After being on short- or long-term disability, people returning to work can face obstacles they might not have experienced before their leave. One significant challenge can be returning to a job with conditions that make it difficult or impossible to participate in the workplace fully.
Under these circumstances, an employee can request accommodations that allow them to work.
What makes an accommodation reasonable?
Under Ontario’s Human Rights Code, employers have a duty to provide accommodations that ensure employees with disabilities have equal access and benefits as other workers. However, one condition is that the accommodation must be appropriate.
To be reasonable or appropriate, an accommodation must not be highly disruptive to other employees or fundamentally change the nature of the person’s job. Further, it must not put an undue hardship on an employer in the form of substantial expense or resources.
Some examples of an appropriate accommodation include:
- Ergonomic equipment
- Adjusted work schedule
- Accessibility equipment
- More frequent breaks
- Additional support
These measures can enable a person to perform the essential functions of their job while preserving their dignity and allowing them to participate fully.
Requesting an accommodation
If you are returning to work and could benefit from an accommodation, you can submit your request to your employer. If you are unsure of what an accommodation might specifically look like, you might discuss the options with your supervisor. You can also consult your physicians or a lawyer to discuss possible solutions.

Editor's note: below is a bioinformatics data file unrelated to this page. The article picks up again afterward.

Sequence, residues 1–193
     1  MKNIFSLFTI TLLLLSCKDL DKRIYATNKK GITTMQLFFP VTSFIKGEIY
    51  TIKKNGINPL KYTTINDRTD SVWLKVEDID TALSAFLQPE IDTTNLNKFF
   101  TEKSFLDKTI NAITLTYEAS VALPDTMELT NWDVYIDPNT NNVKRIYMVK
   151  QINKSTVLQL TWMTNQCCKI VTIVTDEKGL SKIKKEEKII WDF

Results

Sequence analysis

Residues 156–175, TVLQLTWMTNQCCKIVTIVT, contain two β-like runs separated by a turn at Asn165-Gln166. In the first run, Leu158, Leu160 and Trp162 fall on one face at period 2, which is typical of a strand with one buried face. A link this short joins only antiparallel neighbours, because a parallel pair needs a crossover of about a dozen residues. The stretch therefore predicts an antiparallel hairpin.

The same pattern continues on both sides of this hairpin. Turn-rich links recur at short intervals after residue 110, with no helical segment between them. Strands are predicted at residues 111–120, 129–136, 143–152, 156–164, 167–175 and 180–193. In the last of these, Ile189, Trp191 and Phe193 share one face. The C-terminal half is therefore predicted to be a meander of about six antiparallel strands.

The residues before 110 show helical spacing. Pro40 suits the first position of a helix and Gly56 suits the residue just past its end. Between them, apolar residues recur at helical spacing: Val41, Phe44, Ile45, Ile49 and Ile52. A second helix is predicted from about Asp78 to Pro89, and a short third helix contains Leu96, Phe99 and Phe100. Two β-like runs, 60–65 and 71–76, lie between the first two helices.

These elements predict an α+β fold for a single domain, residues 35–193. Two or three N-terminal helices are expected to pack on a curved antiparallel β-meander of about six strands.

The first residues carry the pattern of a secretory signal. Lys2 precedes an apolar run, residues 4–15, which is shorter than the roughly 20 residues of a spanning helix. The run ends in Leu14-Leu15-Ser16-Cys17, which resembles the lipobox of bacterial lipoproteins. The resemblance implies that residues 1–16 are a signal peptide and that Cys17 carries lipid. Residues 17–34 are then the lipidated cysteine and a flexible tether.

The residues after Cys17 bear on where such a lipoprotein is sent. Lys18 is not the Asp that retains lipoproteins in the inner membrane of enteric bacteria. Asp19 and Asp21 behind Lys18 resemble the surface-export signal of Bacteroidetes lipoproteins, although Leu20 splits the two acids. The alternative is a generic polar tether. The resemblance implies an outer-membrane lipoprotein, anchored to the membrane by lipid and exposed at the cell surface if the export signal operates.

Keep in mind that any accommodation an employer provides should respect an individual’s dignity and promote integration.
It is also crucial to recognize that an accommodation that works for someone else may not be suitable for you. And your needs can change over time, meaning that you may need to make adjustments in the future.
Unfortunately, not every person will get the accommodations they need, either because an employer wrongfully denies them or the individual does not request them. Not only can this make it incredibly difficult to work, but it can also be a violation of a person’s rights.
Thus, if you are preparing to return to work after being on disability leave, assessing your needs and requesting appropriate accommodations should be high on your list of priorities to make the transition easier.